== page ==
WikiLeaks founder Julian Assange talks to Larry King about the 90,000 documents his site recently made public reportedly detailing U.S. war efforts in Afghanistan. Don't miss 'Larry King Live' at 9 p.m. ET Monday on CNN.
(CNN) -- WikiLeaks isn't much to look at.
The website's homepage is largely composed of a plain-text logo and a giant hyperlink that simply says: "Submit documents."
But there's plenty of technical muscle and strategy behind the whistle-blowing website that's known for leaking state secrets, including, on Sunday, tens of thousands of alleged documents about the U.S.-led war in Afghanistan.
That's not to say WikiLeaks is immune to attacks and technical challenges, however. The site crashes on occasion, either because of high traffic, as was the case Sunday and Monday, or because of lack of funds, which reportedly was the case when the site briefly shut down in January.
On Monday, some visitors to the site were met with this error message: "Well there was an error. Maybe we are just overloaded, please try again in a few minutes."
How it works
WikiLeaks, which runs on funding from donors, has been rather secretive about how it operates.
But essentially the idea behind the site is this: People who have access to controversial or classified documents can send them to the site, either through the internet or through the mail.
Then a group of volunteer editors for the site decides what information is authoritative, what information is important, and publishes it accordingly.
In this way, the site differs from traditional "wikis," such as Wikipedia, which can be edited and changed by anyone at any time.
Only approved information ends up on the WikiLeaks site, but anyone is free to submit documents he or she believes should be made public.
WikiLeaks offers these whistle-blowers anonymity and, to a degree, legal protection.
Since WikiLeaks is in the business of publishing information that governments and multinational corporations want kept secret, the site employs some technical tricks that aim to keep it from crashing or being hacked.
The site keeps servers on multiple continents, and its sensitive information passes through countries -- such as Sweden, Iceland and Belgium -- that have offered WikiLeaks a degree of legal protection.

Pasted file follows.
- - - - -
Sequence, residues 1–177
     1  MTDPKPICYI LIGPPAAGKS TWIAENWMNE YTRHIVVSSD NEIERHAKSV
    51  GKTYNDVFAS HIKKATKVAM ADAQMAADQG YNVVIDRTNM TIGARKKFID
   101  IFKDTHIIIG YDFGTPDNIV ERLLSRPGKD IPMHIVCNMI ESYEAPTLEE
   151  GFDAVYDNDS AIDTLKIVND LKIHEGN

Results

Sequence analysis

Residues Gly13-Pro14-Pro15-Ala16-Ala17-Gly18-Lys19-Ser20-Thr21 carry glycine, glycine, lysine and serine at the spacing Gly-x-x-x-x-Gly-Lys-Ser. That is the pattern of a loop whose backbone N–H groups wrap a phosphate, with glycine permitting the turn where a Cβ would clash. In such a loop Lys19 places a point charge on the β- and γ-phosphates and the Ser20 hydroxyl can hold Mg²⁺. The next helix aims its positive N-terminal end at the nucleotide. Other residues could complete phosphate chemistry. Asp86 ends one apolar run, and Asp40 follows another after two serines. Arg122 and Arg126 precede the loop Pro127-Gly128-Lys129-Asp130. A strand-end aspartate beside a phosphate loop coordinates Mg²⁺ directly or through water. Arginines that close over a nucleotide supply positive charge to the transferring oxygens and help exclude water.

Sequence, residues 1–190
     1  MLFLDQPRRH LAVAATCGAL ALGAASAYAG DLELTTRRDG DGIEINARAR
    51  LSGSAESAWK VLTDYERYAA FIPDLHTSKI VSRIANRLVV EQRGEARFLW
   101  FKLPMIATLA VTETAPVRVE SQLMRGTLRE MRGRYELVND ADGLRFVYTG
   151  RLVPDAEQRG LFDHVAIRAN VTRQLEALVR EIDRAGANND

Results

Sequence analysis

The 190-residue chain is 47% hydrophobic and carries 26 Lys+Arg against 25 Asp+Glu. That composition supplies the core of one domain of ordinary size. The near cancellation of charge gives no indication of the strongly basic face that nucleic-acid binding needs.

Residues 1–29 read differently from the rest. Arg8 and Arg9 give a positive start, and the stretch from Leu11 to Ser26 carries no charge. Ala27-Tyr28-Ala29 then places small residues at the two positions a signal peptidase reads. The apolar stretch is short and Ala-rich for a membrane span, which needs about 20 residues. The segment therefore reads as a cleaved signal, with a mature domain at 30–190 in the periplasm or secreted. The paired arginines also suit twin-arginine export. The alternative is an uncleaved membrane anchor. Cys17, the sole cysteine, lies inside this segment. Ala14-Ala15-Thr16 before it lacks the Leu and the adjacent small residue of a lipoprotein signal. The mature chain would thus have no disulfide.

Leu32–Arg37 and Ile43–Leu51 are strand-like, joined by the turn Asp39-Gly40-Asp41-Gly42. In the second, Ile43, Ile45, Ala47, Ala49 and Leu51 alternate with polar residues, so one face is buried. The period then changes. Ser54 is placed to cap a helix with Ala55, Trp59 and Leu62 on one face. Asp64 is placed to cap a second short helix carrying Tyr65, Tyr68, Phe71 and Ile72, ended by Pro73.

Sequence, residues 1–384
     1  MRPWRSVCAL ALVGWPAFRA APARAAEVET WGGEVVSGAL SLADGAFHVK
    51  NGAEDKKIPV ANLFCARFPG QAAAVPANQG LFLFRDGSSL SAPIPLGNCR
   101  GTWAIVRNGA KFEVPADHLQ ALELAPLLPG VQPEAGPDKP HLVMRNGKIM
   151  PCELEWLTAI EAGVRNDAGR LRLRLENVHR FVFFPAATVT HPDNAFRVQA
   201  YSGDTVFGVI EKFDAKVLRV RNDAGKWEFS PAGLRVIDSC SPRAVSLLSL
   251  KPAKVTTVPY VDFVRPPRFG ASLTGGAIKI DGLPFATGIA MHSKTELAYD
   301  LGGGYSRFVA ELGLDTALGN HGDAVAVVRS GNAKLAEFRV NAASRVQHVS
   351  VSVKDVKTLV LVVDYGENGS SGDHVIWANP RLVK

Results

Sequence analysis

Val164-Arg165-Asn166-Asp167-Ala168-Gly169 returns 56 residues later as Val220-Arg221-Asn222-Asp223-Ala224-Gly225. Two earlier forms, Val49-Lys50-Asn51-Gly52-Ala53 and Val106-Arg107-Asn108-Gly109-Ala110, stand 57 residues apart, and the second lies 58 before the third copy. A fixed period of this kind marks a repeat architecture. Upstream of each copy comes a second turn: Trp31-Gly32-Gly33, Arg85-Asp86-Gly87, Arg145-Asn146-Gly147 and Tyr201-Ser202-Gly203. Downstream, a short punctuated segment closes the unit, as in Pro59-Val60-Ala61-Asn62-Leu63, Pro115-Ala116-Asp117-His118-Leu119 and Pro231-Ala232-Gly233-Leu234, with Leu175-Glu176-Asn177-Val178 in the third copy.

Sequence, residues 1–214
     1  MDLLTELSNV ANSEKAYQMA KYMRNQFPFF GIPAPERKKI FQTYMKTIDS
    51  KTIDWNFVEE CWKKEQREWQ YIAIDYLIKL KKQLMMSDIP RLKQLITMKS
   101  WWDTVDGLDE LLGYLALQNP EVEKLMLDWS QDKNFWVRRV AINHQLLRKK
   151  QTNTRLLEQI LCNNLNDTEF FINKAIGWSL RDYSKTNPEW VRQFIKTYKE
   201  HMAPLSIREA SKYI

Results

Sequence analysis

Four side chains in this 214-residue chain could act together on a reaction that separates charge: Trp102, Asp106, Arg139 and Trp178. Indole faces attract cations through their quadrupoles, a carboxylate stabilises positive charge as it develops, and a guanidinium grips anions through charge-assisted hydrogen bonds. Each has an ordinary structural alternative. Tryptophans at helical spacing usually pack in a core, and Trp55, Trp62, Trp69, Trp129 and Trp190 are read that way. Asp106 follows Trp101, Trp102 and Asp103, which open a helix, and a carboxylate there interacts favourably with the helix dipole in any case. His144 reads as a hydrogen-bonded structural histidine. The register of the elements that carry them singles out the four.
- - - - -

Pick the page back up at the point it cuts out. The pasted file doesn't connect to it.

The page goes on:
"We use this state-of-the-art encryption to bounce stuff around the internet to hide trails -- pass it through legal jurisdictions like Sweden and Belgium to enact those legal protections," the site's controversial editor, Julian Assange, said in an onstage interview at the TED Global conference on July 20.
The fact that WikiLeaks' servers and volunteers are all over the globe makes it, in effect, the "world's first stateless news organization," writes Jay Rosen, a journalism professor at New York University.
Rosen says this is key to the site's ability to protect itself.
"WikiLeaks is organized so that if the crackdown comes in one country, the servers can be switched on in another," he writes. "This is meant to put it beyond the reach of any government or legal system."
Assange reportedly has spent his life developing the tech skills needed to set up such a system.
"As a teenager in Melbourne, Australia, he belonged to a hacker collective called the International Subversives," writes the magazine Mother Jones.
He eventually pleaded guilty to multiple counts "of breaking into Australian government and commercial websites to test their security gaps, but was released on bond for good behavior."
Despite these efforts to distribute and encrypt, however, the site faces technical challenges.
It appears to be struggling in the face of newfound popularity, both because of the leaked Afghanistan documents and because of an alleged war video from Iraq that shows about a dozen civilians being killed in 2007.
Early Monday, WikiLeaks posted on its Twitter feed that it was "tremendously overloaded."
It offered the public an alternate website -- called the "Afghan War Diary" -- where people could read the alleged documents from Afghanistan even if the main website at WikiLeaks.org had gone down.
On Monday, the site's homepage was crashing from time to time.
Assange has said in recent interviews that WikiLeaks' sudden popularity has contributed to some technical troubles.
"At the moment, we are undergoing some serious fundraising and engineering efforts, so our publication rate over the past few months has been minimized by [the fact that] we're re-engineering our back systems for the phenomenal public interest that we've had," he said in the onstage interview at the TED Global conference.
"That's a problem. Like any sort of growing startup org, we are sort of overwhelmed by our growth. That means we're getting enormous quantities of whistle-blower disclosures of very high caliber, but don't have enough people to actually process and vet this information."
In a press conference following the release of the alleged Afghanistan documents, Assange said the site has 800 part-time volunteers and a loose network of 70,000 "supporters."
In the TED talk, he also alluded to the fact that the more information the site gets, the more difficult it is to store and protect all of it.
Here's how he explained the site's process for receiving and publishing information:
"We get information in the mail -- the regular postal mail -- and, encrypted or not, vet it like a regular news organization; format it, which is sometimes something that's quite hard to do when you're talking about giant databases of information; release it to the public and then defend ourselves against the inevitable political and legal attacks."